3D print precise prototypes and tooling that can take abuse

You can’t change the world by staying in your lane — innovation means going off the beaten path. Stratasys 3D Printing breaks down barriers to innovation for automotive manufacturers.

By building durable concept models, prototypes, tooling and low-volume production parts in-house, engineers and designers can work more iteratively, test more thoroughly and move confidently into production.

A 3D printed taillight prototype has red, clear and amber lenses.

For resilient prototypes and parts made from high-performance engineering thermoplastics, Stratasys offers patented Fused Deposition Modeling (FDM) Technology. For beautiful models requiring rubberlike or clear materials with a smooth finish right out of the 3D printer, we offer PolyJet technology-based 3D printers.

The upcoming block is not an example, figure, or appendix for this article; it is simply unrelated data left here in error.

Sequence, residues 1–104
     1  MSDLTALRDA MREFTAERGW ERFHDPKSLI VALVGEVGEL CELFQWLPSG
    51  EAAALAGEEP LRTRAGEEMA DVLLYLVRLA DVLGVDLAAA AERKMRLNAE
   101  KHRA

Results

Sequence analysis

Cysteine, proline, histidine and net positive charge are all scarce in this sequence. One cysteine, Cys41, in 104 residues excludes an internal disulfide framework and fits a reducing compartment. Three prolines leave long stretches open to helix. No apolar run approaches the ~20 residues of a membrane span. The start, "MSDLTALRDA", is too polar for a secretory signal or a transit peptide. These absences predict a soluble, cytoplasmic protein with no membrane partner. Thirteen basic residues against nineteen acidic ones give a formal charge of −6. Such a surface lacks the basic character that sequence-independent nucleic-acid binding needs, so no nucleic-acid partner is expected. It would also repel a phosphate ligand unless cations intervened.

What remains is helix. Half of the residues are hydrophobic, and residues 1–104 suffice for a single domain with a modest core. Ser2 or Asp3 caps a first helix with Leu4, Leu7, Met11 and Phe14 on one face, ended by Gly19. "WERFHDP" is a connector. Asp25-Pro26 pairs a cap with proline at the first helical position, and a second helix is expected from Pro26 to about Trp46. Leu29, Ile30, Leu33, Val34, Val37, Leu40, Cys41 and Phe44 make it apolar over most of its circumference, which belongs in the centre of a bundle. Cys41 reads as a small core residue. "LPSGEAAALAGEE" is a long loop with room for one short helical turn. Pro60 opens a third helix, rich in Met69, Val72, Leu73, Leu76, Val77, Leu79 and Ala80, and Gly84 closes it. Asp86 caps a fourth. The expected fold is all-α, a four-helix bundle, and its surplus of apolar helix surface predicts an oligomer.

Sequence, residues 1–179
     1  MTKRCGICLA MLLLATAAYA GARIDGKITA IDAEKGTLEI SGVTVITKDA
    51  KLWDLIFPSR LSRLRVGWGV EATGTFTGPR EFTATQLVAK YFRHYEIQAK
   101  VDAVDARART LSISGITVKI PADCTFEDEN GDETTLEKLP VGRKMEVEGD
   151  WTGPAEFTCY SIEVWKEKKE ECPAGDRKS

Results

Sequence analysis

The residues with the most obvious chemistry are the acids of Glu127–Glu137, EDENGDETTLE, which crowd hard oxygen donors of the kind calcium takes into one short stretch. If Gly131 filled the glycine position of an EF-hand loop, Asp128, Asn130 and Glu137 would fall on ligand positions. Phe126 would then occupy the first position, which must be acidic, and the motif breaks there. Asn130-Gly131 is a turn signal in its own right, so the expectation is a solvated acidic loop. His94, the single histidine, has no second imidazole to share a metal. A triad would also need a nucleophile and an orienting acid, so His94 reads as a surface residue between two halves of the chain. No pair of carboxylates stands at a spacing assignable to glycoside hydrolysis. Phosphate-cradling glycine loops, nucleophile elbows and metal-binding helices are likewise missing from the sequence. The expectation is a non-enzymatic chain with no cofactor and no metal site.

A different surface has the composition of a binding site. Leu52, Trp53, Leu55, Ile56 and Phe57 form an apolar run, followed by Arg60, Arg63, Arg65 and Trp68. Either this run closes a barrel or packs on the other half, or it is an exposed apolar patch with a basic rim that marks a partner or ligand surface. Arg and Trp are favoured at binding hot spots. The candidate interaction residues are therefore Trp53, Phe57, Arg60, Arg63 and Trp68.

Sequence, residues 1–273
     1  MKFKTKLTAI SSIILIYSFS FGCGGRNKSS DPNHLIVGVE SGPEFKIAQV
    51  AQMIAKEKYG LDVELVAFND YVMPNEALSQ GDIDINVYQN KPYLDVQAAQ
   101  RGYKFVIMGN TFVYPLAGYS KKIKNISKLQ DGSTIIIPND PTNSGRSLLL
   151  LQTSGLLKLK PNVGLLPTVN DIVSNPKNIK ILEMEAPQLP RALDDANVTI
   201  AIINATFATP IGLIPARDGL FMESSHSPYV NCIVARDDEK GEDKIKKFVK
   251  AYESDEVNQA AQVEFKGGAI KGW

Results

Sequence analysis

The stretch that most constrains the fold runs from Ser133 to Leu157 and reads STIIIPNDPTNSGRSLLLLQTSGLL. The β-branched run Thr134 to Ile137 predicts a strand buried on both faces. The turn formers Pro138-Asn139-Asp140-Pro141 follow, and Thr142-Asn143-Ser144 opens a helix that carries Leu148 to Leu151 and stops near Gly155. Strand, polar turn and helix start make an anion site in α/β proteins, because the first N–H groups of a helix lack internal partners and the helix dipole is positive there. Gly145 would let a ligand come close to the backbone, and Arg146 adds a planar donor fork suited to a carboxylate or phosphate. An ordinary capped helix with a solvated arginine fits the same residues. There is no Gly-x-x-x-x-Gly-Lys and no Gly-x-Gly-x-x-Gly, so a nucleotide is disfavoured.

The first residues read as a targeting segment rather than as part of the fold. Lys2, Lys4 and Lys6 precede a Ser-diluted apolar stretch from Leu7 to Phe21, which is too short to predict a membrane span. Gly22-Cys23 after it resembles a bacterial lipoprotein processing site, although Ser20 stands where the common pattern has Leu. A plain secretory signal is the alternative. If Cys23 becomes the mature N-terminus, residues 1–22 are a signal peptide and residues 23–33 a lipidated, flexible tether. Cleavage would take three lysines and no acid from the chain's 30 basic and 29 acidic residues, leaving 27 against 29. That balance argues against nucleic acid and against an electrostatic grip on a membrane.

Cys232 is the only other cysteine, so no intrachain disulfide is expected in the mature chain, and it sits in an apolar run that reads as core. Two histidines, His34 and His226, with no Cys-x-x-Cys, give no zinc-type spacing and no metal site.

Get customer testimonials and expert information on how 3D printing can accelerate and improve automotive design.

Watch Videos on Automotive 3D Printing

Minimizer Tests Truck Fenders With Black ULTEM Prototypes

Minimizer's engineers road test their semi-truck fenders with functional prototypes 3D printed in black ULTEM 9085, a high-performance thermoplastic.

Joe Gibbs Racing Uses 3D Printed Duct Outlet

3D printing with FDM allowed JGR to speed from concept model to finished part in less than 3 days and have a new custom duct outlet installed on the car in time for the next race.

3D Printed Car Dashboard at Euromold 2011

Stratasys VP Jonathan Jaglom demonstrates some of the parts created in the company's Digital ABS Green material (formerly called ABS-like), including this full-size, functional 3D printed car dashboard.

NASA's Next Rover Has 3D-Printed Parts

NASA engineers use 3D printing to build a next-generation rover to support humans exploring other worlds, such as asteroids and, eventually, Mars.

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